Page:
With its highly ranked football team and its starting quarterback, Danny Wuerffel, the University of Florida is well known in the sports world. Who knows that the school is also the home of one of the largest man-made bat houses in the U.S., the residents of which help protect Gators fans from mosquito bites?
The 20-by-20-foot bat house, located on the Gainesville campus near Lake Alice, accommodates 100,000—more than Ben Hill Griffin Stadium, which seats a mere 83,000. Florida athletic department officials say that the $20,000 spent to build the house was a prudent investment. According to Danny Sheldon, assistant athletic director for facilities and operations, "The bats aren't roosting in our stadiums anymore, and they eat lots of insects, including mosquitoes."
In fact, the 20,000 bats in residence eat as many as 20 million pesky critters (weighing up to 500 pounds) every night. The university's pest-control manager, entomologist Ken Glover, says, "We no longer spray. We depend on the bats for pest control."
Bats have long been a part of the campus community, but in 1987 the colony's original roost, Johnson Hall, burned down, and the 4,000 displaced bats moved into the university's new stadiums for track and field and for tennis. The bats' odor attracted the attention of Bob Martinez, then Florida's governor, who was attending a summer track and field meet for high school athletes on the Florida campus, when he reportedly asked, "What's that smell?"
"When the governor made a stink about the stink, the University Athletic Association had to deal with it," says entomologist Dr. William Kern Jr., of the state Department of Wildlife and Conservation, who works with the university. The bat house was the brainchild of another entomologist, Dr. Jackie Belwood, who was doing a postdoctoral pest-control study on campus. "When Jackie approached us with her idea," says Sheldon, "I said, 'Right. Like the UAA will really spring for this.' " But, he adds, "it was out of the question to eradicate the bats."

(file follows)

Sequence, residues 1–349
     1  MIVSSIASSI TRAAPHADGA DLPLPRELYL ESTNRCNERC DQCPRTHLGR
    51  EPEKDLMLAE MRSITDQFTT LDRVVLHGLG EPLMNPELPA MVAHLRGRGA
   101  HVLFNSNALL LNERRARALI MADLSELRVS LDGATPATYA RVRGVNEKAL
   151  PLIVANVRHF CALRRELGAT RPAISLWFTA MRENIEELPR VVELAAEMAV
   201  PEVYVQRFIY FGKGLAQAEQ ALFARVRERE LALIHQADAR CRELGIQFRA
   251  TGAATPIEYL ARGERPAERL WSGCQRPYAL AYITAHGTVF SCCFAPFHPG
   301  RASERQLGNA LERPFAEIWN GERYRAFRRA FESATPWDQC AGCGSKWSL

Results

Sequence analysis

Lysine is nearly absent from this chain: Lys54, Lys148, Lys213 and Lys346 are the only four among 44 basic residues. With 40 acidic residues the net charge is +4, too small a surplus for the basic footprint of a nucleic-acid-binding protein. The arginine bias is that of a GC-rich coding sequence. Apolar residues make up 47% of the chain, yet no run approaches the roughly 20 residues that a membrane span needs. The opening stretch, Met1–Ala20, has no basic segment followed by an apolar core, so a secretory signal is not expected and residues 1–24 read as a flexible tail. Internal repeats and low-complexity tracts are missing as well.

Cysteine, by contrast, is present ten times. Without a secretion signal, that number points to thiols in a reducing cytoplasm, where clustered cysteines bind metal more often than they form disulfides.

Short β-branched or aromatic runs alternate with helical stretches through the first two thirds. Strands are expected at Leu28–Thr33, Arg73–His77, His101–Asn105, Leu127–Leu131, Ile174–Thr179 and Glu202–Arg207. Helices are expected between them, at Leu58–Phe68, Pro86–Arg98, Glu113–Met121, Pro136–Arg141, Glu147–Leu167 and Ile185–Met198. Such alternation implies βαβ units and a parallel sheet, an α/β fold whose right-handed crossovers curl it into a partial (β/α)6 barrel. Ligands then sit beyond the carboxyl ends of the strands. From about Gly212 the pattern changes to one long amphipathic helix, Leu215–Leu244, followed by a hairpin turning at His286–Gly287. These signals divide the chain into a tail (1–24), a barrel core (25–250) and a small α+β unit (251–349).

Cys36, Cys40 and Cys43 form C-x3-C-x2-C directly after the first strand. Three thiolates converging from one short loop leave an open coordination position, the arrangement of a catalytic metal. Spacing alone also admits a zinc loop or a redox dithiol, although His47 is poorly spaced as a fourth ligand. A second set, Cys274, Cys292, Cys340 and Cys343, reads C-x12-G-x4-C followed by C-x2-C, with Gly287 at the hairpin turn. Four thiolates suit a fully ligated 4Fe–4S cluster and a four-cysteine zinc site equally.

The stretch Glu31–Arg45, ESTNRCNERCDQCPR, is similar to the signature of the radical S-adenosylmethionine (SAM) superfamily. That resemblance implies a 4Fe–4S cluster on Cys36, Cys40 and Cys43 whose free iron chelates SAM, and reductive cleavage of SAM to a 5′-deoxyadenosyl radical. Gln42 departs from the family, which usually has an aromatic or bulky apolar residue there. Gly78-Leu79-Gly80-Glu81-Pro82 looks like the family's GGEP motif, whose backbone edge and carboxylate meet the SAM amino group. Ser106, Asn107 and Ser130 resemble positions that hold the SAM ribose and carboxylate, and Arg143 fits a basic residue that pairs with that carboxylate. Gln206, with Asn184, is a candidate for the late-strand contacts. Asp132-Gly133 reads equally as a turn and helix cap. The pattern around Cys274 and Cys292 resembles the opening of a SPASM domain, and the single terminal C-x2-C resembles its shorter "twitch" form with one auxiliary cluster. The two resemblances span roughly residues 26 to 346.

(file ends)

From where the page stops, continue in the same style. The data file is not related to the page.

"We had to do the right thing," says athletic director Jeremy Foley. Florida architect Bill Hunter was summoned to design the perfect bat condo. The wooden structure had to stand on long legs to give the animals a drop distance for takeoff. "They need a wingful of air to get going," says Glover. The house was mounted on 18-foot-high pylons and fitted with insulation and a tin roof (to reflect the heat of the sun). A slatted floor allows the bats to come and go as they please.
After the bat house was completed, it was "carpeted" with bat guano to make it more homey. "We had to get rid of that new-house smell," says Belwood. On the night of the big move—Sept. 24, 1991—Marshall Hanks, a bat expert from Sturgeon Bay, Wis., trapped the bats and moved them to their new abode, where the floor slats were closed to keep the bats in for a 24-hour housewarming. Alas, after the slats were opened the following day, all 3,000 bats took off, never to return.
Having spent a bundle on the bat house, the UAA kept a "low profile for two years," Foley says. "We were worried about getting our money's worth and wondered if we could get some students to move in up there."
Then in March 1993, a covey of 18 male bats moved in. They stayed only until April, but another 300 bachelors appeared the following March. By February '95 about 1,000 females had moved in, and by April, 3,000 bats were in residence. At the end of May baby bats were born, doubling the population. Now when bats stream out of the house every evening at dusk, a crowd gathers to watch. The bats have become such an attraction that Gators alumnus and bat fan George Marks, who lives in Madeira Beach, Fla., recently donated $2,000 to build a viewing facility.
"Soon," says Glover, "we may have the first BAT CROSSING sign in the world."